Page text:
Part 2 (of 3) of Corbett and Fikkert’s book, When Helping Hurts entitled, “General Principles for Helping Without Hurting,” begins with differentiating between relief, rehabilitation, and development.
Relief: the urgent and temporary provision of emergency aid to reduce immediate suffering from a crisis
Rehabilitation: seeks to restore people and communities to the positive elements of their pre-crisis conditions
Development: the process of ongoing change that moves all the people involved closer to being in right relationship with God, self, others, and all of creation.
The problem is that many churches, organizations and individuals apply relief to situations where rehabilitation or development is the appropriate intervention.
When I was a pastor, I often was confronted with individuals that I did not know coming to the church door looking for help. The authors present a grid of questions to assess such situations that I wish I had then. Since I have been in these situations many times, I know these questions make sense, but at first blush they may seem a little harsh.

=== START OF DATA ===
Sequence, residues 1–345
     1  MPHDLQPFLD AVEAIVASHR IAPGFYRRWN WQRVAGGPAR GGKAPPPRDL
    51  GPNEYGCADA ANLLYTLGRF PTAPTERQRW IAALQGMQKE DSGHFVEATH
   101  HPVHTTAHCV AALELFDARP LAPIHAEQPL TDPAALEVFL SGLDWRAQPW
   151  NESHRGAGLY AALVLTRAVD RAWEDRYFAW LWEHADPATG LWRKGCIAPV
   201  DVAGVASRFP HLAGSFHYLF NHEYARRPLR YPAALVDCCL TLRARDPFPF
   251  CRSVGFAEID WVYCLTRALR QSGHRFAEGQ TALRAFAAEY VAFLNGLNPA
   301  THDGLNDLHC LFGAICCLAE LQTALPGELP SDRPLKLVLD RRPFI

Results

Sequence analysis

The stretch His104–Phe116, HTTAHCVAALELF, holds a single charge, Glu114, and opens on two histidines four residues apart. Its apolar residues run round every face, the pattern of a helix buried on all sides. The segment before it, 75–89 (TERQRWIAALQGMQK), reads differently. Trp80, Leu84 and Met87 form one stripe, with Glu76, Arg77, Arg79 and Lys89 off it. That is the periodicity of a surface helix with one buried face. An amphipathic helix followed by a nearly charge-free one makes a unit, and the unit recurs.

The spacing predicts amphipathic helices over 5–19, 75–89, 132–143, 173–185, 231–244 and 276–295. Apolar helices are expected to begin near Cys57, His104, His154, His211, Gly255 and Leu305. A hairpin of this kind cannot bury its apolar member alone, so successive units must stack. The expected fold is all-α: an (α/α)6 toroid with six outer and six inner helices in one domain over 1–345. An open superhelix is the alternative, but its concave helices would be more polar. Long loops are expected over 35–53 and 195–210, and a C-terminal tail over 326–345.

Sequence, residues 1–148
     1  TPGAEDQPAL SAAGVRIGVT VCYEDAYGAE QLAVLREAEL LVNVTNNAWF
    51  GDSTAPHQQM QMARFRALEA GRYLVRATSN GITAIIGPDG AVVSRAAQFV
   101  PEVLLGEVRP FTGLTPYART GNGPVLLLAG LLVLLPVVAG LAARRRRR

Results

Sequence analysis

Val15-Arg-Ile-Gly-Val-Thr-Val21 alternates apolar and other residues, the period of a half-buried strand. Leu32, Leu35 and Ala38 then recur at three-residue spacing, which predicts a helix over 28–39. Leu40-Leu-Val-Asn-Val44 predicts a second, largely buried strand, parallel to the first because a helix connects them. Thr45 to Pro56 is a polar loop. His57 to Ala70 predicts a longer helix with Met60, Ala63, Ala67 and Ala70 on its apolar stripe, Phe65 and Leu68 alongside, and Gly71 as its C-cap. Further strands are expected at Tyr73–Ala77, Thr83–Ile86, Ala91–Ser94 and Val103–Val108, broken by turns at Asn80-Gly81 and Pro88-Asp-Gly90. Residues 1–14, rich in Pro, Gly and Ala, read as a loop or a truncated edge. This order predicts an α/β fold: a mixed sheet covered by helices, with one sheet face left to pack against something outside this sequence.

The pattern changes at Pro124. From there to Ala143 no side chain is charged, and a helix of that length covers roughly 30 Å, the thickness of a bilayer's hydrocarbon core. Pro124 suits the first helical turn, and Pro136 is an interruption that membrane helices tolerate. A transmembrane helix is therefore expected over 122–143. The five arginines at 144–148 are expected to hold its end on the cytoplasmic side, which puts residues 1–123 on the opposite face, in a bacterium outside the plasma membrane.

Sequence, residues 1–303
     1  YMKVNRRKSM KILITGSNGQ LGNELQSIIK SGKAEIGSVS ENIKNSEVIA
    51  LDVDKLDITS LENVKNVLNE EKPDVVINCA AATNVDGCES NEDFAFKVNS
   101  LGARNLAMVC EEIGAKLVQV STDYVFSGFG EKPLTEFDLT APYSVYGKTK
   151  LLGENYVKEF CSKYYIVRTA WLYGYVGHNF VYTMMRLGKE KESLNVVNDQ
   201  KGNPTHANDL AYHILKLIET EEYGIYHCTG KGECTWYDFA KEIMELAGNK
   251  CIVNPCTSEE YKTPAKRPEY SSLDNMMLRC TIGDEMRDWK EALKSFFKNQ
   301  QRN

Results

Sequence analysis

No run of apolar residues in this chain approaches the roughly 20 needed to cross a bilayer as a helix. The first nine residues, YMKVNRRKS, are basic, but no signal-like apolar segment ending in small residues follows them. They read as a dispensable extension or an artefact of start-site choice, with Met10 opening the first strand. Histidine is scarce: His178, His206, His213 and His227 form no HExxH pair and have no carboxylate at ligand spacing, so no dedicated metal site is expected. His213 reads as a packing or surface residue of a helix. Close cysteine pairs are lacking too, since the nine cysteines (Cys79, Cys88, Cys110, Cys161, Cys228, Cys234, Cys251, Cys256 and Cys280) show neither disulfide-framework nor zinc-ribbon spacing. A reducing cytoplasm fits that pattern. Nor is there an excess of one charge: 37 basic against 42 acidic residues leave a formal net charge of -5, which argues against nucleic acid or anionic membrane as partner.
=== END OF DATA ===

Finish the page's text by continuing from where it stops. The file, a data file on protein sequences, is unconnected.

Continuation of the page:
- Is there really a crisis at hand? What will happen if you do not provide the relief?
- To what degree is the individual personally responsible for the crisis?
- Can this person help himself?
- To what extend has the person already been receiving relief aid in the past from you or others?
The next chapter in this section, examines, how to begin helping low–income people. Places not to begin are: “What’s wrong with you?” or “How can I fix you?” Instead, the authors suggestion asking the question, “What is right with you?” “What gifts has God-given you that you can use to improve your life and that of your neighbors?” This approach is called Asset Based Community Development (ABCD). They caution against being too quick to bring in outside resources (in situations where an approach other than relief is needed) because is not sustainable, contributes to feelings of inferiority and dependence, and thwarts initiative.
Participation is not just a means to an end, but a legitimate end in its own right.
For me, the principles in this book are touching several long-held suppressed thoughts and feelings about things that seem quite right to me.
Did you ever find yourself silently asking some of those types of questions when you were involved with helping the poor or even confronted by a panhandler?
This post was originally published February 16,2010.